but now, as temperatures start to drop, it’s time to put the system to rest for the winter. here’s a quick diy guide to winterizing a lawn-sprinkler system: if your sprinkler system is connected to your house water source, then there should be a backflow preventer that ensures sprinkler water doesn’t flow into the house. shut the backflow valve and then open the manual drain valve on the sprinkler system. and any water left behind can freeze, expand, and damage the sprinkler system. after draining out most of the water from the sprinkler system, hook up an air compressor to blow the lines clear of any remaining water. start by closing the valve on the backflow preventer, which is also known as a pressure vacuum breaker.
remove the plug and screw in a brass quick-connect blow-out plug. by the way, it doesn’t take much air pressure to blow out a sprinkler system. to determine the exact cfm your sprinkler system can handle, find the gallons-per-minute (gpm) rating of each sprinkler head. divide the total gpm of each zone by 7.5 to find the proper cfm of air pressure for the compressor. next, turn off the water supply to the sprinkler system and set the timer to open just one zone. use the compressor to blow out the first sprinkler zone. now repeat to blow out each of the remaining sprinkler zones.
a sprinkler blowout is the process of pushing pressurized air through the sprinkler system lines expelling all remaining water from the pipes. this prevents water from freezing inside of the pipes, causing corrosion, rot, and bursting pipes. all you need is a simple adapter, 4-6-gallon air compressor, and a hose long enough to reach from the sprinkler control valve to the compressor. before doing anything, let’s shut off the water to the sprinkler system. the water shut-off is also located inside this box and is usually a handle. after a few minutes of draining, connect the adapter to the water line opening. once the air compressor comes to full pressure, turn on the sprinkler system from the control box.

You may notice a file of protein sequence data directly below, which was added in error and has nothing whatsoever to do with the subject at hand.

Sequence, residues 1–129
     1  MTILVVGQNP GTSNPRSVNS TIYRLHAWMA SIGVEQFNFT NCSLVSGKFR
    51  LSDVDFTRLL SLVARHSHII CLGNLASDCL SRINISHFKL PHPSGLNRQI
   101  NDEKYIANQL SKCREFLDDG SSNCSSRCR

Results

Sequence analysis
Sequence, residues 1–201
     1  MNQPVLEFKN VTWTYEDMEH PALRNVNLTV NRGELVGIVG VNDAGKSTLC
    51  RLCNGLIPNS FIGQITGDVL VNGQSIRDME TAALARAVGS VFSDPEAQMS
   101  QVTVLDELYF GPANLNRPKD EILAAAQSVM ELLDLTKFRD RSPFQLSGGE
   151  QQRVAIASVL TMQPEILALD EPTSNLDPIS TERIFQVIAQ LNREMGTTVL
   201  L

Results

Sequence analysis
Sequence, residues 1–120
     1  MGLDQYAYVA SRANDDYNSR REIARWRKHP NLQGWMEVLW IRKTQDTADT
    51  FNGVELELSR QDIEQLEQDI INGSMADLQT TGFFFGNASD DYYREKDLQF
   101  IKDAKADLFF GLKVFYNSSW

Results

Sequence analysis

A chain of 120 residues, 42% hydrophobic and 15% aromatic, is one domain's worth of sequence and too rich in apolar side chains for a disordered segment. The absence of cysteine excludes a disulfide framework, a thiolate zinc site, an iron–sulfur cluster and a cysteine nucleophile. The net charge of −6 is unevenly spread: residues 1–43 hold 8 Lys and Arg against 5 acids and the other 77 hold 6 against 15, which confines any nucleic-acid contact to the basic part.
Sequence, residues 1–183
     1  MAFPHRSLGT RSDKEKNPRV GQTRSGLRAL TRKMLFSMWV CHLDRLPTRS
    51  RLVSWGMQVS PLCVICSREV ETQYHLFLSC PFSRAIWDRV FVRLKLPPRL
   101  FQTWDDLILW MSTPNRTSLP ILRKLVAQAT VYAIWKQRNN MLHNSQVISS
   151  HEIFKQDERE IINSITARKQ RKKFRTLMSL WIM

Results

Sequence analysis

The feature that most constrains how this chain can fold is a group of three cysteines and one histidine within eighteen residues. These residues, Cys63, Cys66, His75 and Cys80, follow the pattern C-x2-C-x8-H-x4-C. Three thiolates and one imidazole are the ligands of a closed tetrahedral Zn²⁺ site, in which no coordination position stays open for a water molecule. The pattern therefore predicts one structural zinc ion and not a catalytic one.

do not continue to blow out the system with air as you will melt the sprinkler heads and interior pieces. after each zone has been emptied of water completely, head back to the sprinkler control valve box where the air compressor is plugged in. since we’ve blown out all of the water from the sprinkler lines, be sure to leave the water off for the remainder of the winter. if the sprinklers are going to be turned off for an extended amount of time, a blowout is necessary. sprinkler pipes burst when there is trapped water inside the pipe that freezes, then expands. what happens if you get an early freeze and need to take care of the sprinkler blowout yourself before your landscaping crew can make it to your house? with a simple adapter and pancake-style air compressor that is found in most garages or workshops, you can do the sprinkler blowout yourself in less than 1 hour!
blow out the line. connect the other end of the air hose to the compressor and blow out the line. the heads should pop up and spit out water. use the compressor to blow out the first sprinkler zone. once the sprinkler heads pop up and expel water, immediately release the air pressure while this chore is critical for a healthy sprinkler system, it’s also easy enough for any diyer. all you need is a simple adapter, 4-6-gallon air compressor,, .
but that’s not quite accurate. air pressure is important, but in order to blow out an irrigation system, you also have to pay attention to the based upon what i have read, the secret to blowing your irrigation system out is air volume. i have also read where it takes about 10 cfm of volume to blow a re: diy – sprinkler winterization @jerseygreens i too used my pancake compressor, had a ball valve between the air hose and the system. when, .
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